Dr. Fraser- Point of View
November 8, 2013
Kenny Anthony bells the cat

It had to be done at some time, since the region is in need of an honest reality check. Now Dr Kenny Anthony of St Lucia has at last spoken out. This is no opportunistic Opposition politician trying to score political points, nor for that matter an armchair academic viewing the world from his desk.{{more}}

He is a politician who is in the thick of things and might even be guilty of some of the things he is deriding. At an address at the University of the West Indies, Cave Hill, where he spoke to academics and students, many of them St Lucians, he berated his CARICOM colleagues for participating in acts of self- denial while their countries are on the brink of economic collapse. So caught up are they with the mendicancy “sweeping” the Caribbean, he states, that they become locked into their own agenda and pay scant attention to possible Caribbean solutions. He reminded or perhaps challenged his colleagues about the hard decisions that needed to be made.
He seemed so particularly focused on the issue of mendicancy that one suspects that he is pointing figurative fingers. He is of the view that “they have created an elaborate system of mendicancy at the highest levels of decision making, percolating right into the political system at the lowest level and if you want symptoms of what I am talking about, these days you have to pay people to want to vote for you…The irritating circumstance of this is that some politicians capitulate and it becomes a habit.” He clearly misspeaks when he suggests that some politicians capitulate and that it becomes a habit. It is the politicians who have created this. They don’t capitulate; they welcome it, since this is what keeps some of them in positions of power. The evidence is there for all to see.

In my column last week, I made the point that we Caribbean people, and in this regard I singled out Vincentians, decry begging on the streets, but are silent about begging at the official level. Anthony, from where he sits, or stands, sees it. No country can advance without serious attention being paid to the productive sector. We do not have our purpose and priorities right. Take for instance the treatment of “Bigger Bigs,” whom I believe was employing about fifty or sixty persons. We need, particularly in these hard economic times, to encourage local investment and facilitate those with entrepreneurial skills. Failure to do this leaves us with no option but to beg and of course, some of us have become skilled in this and make it an art to be glorified. When our “big boys” return from their trips abroad they triumphantly tell us what they got for us and we like that. We clap!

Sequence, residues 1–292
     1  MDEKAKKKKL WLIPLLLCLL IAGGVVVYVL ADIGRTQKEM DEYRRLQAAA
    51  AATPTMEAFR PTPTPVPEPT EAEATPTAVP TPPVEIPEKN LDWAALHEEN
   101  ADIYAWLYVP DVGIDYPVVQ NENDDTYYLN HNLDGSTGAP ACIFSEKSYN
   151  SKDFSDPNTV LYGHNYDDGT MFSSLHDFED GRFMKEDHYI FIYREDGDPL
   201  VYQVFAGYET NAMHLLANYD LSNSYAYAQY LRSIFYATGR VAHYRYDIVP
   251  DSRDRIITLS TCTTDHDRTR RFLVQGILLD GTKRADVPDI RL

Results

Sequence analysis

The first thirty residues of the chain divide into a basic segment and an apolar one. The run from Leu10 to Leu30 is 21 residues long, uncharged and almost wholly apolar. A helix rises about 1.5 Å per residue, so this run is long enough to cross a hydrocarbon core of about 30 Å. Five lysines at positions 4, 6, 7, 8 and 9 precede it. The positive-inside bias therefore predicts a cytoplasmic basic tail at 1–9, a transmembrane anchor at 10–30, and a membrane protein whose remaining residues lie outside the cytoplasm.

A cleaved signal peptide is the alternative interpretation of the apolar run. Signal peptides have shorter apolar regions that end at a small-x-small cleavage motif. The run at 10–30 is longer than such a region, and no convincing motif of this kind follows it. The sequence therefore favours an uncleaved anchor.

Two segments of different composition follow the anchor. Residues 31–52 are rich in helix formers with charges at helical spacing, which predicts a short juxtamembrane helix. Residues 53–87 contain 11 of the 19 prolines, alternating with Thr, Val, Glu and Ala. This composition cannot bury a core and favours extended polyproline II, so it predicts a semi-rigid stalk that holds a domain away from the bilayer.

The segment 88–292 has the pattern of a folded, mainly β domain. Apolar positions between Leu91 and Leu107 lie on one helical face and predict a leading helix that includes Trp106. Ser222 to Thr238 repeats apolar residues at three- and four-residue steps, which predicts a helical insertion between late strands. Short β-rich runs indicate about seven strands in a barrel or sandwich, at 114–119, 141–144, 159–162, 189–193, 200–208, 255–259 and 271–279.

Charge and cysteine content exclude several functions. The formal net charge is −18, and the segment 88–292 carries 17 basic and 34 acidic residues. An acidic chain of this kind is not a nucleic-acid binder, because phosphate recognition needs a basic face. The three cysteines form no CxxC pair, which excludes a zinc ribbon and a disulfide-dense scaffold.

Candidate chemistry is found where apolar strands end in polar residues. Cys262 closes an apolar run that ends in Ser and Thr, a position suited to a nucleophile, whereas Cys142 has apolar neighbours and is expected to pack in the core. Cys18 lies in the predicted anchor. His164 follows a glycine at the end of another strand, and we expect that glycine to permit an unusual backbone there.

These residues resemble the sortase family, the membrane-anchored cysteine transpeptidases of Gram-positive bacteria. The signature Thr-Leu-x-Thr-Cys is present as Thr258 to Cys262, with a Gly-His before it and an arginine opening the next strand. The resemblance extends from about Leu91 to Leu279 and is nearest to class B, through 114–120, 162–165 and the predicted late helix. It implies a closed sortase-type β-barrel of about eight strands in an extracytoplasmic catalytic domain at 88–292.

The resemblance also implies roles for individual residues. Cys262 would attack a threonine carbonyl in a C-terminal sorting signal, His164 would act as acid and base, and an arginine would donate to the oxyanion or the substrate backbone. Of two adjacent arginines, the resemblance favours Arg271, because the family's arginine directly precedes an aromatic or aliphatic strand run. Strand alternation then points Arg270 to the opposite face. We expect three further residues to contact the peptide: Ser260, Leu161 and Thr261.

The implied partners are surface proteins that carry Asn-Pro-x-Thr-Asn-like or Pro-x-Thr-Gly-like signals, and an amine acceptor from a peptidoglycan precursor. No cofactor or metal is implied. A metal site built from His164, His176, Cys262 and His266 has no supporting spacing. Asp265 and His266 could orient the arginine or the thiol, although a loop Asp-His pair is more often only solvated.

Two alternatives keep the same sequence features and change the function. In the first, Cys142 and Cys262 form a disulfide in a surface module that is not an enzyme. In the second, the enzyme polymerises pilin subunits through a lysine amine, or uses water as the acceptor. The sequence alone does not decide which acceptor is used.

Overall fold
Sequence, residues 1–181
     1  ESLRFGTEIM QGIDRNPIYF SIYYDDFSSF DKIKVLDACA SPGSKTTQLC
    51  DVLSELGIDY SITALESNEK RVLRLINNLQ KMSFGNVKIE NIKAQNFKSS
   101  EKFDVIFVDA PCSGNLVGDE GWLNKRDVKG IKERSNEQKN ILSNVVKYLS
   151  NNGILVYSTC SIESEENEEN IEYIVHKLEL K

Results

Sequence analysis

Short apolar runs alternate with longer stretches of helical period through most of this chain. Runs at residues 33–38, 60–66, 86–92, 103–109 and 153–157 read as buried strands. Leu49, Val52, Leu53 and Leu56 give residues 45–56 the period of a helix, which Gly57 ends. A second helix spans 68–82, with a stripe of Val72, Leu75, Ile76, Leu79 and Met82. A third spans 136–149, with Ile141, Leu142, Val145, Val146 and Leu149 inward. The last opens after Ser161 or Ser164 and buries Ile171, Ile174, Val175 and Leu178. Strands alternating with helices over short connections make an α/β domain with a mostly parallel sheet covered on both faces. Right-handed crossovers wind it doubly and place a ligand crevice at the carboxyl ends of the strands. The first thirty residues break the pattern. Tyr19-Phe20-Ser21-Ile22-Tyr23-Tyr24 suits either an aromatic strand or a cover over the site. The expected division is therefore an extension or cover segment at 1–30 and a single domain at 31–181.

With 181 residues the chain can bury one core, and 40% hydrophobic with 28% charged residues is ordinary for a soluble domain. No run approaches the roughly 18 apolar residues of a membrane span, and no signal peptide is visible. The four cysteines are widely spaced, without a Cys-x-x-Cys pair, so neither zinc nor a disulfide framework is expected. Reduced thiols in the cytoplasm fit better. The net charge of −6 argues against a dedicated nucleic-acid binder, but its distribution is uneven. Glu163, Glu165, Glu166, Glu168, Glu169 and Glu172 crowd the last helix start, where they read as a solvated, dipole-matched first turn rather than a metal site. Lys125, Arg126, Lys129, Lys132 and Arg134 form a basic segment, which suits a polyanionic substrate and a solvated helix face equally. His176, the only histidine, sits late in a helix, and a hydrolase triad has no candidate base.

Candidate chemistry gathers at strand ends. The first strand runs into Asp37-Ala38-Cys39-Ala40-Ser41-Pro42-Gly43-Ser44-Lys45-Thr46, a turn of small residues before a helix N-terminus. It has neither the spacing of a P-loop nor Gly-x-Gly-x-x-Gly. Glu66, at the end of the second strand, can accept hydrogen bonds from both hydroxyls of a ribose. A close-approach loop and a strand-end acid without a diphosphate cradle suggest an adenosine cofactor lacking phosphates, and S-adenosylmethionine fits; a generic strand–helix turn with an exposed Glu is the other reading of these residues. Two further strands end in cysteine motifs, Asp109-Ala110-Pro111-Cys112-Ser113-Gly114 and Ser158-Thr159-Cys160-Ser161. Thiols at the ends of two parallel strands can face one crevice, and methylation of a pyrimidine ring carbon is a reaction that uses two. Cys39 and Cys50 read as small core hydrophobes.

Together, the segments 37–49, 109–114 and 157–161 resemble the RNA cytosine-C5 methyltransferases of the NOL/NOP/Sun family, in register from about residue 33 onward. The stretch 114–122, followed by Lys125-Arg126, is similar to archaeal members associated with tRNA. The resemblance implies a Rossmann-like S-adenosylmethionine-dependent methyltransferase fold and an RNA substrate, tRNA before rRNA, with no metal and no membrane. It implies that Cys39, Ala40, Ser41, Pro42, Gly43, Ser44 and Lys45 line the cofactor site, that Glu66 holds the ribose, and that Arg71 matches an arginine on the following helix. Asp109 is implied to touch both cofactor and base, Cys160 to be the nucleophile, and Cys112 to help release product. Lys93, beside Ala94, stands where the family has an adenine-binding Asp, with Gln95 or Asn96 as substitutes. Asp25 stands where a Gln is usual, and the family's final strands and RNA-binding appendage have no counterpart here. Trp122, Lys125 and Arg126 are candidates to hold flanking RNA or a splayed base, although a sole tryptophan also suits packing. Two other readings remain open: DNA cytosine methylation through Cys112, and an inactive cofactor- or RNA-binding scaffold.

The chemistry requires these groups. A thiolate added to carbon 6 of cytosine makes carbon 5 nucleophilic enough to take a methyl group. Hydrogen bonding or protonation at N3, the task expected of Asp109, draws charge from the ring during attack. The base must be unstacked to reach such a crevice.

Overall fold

It would be interesting to know the circumstances that have forced Dr Anthony to be so blunt and to take off the self-denial cloak that our Caribbean leaders have been wearing. The answer could be frightening, for it might be as he is quoted to have said that “some Caribbean countries are near the brink of collapse”. The governments, he is suggesting, are burying their heads in the sand and creating the impression that all is well. But to compound matters the St Lucian Prime Minister has had to admit that in the region “we don’t like frank talk. We don’t like open talk. We don’t like honest talk.” Certainly, our leaders have nursed this malady. Anyone who is prepared to be frank and honest in his/her assessment of the way things are done in the Caribbean immediately becomes a pariah.
I do not say this idly. I know what I am talking about and would at some point tell my story. If Dr Anthony is serious about what he is saying, he needs not only to address these issues at a University campus. He has to have serious dialogue with his colleagues, for the sentiments he has expressed are giving the impression that we are grasping at our last straw. When some of us voice concerns similar to those that are expressed by Dr Anthony, we are abused, especially by the sycophants who occupy talk radio. It is becoming clear that the chickens are coming home to roost, but some of us are simply content to be happy with our cheer- leading roles. We are afraid to do otherwise.

The political actors are full of empty rhetoric designed to camouflage the serious situation and to provide talking points and sound bites to the faithful and the mendicants who depend on political patronage for their survival. But, happily, the realities of things on the ground are beginning to lift the consciousness of many of our people. Even when assistance is given to us, we don’t know what to do with it. We have made a mess of the EPA, which we should not have signed in the first place. Our minds still need to be emancipated and decolonised. Our colonisers gave us legal freedom at emancipation and allowed us a flag, national anthem and constitution at independence, but they kept control of our minds and this is a major part of our problem. It appears that the more educated we are, the more we become dependent, since re-colonisation of the mind is today’s reality. As I have been suggesting, our nation is full of cheer- leaders who, as Gordon Lewis would say, are part of the audience that occupy the darkened theatre and are so glad to applaud when asked to. Anthony has really provided us with a sad commentary on the state of governance in the region.

  • Dr Adrian Fraser is a social commentator and historian.